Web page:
This morning Jack prepared to depart into the basement and pursue renovations, but before he headed down the stairs he updated me on the boxes and bags of trade-ins people had brought, that he “hadn’t had time” to get to yet.
Among them were a bag of romances from one of our regular customers, a woman we call “The Lady.” Always well-turned-out, this elderly woman brings in her exchanging romances in rubber-band-wrapped bundles of five, and takes her time going through the stash to see what she’s read.
“We had that dinner on last night [The SOUL FOOD OF LOVE] so I didn’t have time to help her look, and I asked her to come back today. It would take for bloody ever for her to go through our romances.”
I gave him an odd look. “She only has to look for her initials.”
He gave me a befuddled look, as if I had suddenly spoken in Yiddish with a lisp.
“Don’t you know how women keep track of which romances they’ve read?” I asked, laughing. “Six years in the book business and you haven’t got this?”
“I rather left them to get on with things at that end of the shop,” Jack said, looking at the floor.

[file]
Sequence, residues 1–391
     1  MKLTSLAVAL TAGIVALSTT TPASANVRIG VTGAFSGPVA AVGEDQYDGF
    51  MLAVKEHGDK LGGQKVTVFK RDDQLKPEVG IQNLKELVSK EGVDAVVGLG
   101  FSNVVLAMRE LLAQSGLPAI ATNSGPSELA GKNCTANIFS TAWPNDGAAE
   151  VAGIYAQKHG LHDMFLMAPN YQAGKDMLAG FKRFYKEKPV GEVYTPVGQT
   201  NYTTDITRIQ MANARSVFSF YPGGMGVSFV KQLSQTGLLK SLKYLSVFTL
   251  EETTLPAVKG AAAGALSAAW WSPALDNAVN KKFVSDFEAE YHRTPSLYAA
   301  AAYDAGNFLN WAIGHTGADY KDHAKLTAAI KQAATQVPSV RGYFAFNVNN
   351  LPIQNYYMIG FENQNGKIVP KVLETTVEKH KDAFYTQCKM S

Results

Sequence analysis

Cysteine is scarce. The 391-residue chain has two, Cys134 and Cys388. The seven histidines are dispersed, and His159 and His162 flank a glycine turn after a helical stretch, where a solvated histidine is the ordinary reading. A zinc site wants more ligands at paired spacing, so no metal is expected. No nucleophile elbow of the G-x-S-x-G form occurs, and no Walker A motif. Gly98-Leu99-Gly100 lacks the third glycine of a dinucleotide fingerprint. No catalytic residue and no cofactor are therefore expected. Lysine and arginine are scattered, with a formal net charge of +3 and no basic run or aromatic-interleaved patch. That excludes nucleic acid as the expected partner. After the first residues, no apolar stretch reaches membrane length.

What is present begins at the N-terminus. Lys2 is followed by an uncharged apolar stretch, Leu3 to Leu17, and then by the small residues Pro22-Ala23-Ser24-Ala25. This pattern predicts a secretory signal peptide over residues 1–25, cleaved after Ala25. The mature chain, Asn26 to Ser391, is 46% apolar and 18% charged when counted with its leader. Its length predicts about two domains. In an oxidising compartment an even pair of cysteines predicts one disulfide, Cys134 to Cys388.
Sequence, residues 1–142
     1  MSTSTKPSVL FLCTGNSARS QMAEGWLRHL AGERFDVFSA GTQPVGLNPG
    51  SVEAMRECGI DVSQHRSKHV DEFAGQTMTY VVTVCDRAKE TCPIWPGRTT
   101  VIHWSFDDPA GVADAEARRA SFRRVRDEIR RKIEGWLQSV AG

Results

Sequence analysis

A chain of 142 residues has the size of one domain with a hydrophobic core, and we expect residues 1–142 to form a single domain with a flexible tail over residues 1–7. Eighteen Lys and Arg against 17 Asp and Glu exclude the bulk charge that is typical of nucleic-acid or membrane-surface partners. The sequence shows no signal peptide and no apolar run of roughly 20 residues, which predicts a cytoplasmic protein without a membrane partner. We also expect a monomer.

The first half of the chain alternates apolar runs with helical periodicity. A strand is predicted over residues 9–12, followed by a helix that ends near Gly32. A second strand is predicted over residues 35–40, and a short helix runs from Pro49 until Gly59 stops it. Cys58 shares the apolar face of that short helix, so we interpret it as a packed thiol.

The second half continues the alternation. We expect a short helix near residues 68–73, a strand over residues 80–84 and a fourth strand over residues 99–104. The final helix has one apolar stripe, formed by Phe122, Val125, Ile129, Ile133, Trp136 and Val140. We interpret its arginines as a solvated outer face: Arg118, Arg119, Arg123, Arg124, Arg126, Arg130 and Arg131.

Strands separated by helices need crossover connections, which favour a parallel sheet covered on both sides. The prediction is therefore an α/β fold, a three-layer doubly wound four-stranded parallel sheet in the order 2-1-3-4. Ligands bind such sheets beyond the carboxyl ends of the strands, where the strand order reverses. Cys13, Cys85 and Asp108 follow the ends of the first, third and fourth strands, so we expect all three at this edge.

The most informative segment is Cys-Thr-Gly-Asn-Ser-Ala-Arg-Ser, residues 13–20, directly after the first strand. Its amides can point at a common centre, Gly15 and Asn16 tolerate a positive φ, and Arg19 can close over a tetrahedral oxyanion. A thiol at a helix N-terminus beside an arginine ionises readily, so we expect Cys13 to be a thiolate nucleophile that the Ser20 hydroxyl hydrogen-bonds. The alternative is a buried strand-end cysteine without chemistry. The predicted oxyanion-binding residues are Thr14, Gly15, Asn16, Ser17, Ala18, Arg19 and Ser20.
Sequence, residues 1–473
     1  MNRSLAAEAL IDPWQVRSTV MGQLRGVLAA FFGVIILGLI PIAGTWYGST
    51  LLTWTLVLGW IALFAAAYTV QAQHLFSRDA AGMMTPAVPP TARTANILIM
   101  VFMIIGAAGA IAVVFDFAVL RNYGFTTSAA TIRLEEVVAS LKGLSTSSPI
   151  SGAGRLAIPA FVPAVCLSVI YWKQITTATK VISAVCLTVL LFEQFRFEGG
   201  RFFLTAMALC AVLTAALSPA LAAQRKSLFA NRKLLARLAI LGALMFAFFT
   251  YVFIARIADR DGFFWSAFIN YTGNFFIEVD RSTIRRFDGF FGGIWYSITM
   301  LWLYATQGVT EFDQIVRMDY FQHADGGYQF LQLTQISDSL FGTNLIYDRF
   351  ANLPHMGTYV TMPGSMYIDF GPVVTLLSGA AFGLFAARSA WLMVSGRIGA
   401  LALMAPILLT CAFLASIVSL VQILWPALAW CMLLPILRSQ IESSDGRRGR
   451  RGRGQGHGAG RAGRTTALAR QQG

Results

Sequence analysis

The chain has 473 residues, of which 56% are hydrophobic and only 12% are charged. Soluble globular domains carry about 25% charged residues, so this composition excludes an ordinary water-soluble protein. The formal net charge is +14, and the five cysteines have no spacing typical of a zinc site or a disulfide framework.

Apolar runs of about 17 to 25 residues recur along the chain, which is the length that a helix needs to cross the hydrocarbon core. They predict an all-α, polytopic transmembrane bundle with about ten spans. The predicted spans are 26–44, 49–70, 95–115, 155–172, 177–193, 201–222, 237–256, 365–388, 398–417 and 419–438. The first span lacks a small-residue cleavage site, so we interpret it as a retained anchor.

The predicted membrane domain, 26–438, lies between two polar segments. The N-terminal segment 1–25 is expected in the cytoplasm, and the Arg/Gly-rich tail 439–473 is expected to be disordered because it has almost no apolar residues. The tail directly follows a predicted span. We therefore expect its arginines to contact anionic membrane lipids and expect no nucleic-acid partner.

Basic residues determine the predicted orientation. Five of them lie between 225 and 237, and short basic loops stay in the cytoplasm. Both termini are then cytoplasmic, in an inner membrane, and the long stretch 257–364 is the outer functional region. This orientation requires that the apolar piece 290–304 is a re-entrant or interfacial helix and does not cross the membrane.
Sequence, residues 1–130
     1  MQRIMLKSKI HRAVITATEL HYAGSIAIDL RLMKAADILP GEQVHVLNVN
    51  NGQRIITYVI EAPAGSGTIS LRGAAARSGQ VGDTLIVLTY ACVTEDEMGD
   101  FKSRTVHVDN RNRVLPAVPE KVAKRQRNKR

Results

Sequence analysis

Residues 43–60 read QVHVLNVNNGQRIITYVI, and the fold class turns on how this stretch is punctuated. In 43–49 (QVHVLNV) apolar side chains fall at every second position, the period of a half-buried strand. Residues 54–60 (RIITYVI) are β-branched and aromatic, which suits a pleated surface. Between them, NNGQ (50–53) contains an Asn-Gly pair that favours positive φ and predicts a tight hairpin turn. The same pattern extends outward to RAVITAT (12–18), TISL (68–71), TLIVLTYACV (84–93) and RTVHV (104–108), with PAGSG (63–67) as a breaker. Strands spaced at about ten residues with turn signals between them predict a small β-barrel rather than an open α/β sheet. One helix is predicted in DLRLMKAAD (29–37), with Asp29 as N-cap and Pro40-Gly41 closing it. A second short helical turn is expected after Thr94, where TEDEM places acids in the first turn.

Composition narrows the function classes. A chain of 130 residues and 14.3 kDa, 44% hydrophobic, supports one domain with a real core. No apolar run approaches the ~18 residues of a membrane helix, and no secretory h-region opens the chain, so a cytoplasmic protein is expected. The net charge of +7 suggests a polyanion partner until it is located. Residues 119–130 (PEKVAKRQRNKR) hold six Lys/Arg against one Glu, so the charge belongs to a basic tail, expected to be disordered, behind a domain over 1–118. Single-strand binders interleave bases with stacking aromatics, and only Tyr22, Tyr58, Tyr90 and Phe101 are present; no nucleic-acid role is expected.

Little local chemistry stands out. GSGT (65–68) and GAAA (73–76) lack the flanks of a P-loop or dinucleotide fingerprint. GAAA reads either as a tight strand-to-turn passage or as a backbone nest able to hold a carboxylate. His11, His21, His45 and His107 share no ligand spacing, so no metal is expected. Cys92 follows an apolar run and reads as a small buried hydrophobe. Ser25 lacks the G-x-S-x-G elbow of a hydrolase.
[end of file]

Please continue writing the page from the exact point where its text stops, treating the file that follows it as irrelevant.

So I have now let him in on the secret codes, ladies, and I realize normally we don’t share the rules with men, but heck, he’s a bookslinger, so it’s in your best interest.
And in case anyone else didn’t know about this, think of it as the equivalent of that intricate hobo hieroglyphic system, the one that distinguishes nice women from people with mean dogs, etc. Women initial, or leave stickers, or write a shortened version of their first name, in romance paperbacks they have read, before returning them to second-hand book shops.
“That ARD woman.” The Lady said, shaking her head over a Sandra Brown mystery. “I don’t understand her tastes. Who wants to read such garbage?”
Follow the signals, and you can’t get too far off the trail.